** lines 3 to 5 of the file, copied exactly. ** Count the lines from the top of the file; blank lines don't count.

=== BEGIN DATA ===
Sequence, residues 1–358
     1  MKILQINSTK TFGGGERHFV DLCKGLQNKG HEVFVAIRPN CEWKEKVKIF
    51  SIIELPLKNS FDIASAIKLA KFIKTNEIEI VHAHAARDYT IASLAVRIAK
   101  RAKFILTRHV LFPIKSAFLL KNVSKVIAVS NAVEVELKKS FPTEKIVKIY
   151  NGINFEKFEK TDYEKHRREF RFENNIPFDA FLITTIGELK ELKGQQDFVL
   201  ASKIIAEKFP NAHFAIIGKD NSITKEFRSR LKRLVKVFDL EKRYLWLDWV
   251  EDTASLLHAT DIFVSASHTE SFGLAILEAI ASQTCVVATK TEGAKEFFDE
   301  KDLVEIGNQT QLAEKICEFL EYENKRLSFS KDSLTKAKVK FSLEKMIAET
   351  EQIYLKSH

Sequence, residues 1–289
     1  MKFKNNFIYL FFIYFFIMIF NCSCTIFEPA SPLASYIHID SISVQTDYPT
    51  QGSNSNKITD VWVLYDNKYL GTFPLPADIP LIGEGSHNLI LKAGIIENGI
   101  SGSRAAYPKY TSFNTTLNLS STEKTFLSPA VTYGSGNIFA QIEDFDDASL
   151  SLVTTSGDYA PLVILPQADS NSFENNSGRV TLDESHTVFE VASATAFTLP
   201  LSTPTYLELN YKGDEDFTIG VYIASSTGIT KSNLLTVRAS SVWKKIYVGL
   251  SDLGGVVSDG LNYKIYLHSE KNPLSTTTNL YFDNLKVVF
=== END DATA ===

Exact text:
    51  SIIELPLKNS FDIASAIKLA KFIKTNEIEI VHAHAARDYT IASLAVRIAK
   101  RAKFILTRHV LFPIKSAFLL KNVSKVIAVS NAVEVELKKS FPTEKIVKIY
   151  NGINFEKFEK TDYEKHRREF RFENNIPFDA FLITTIGELK ELKGQQDFVL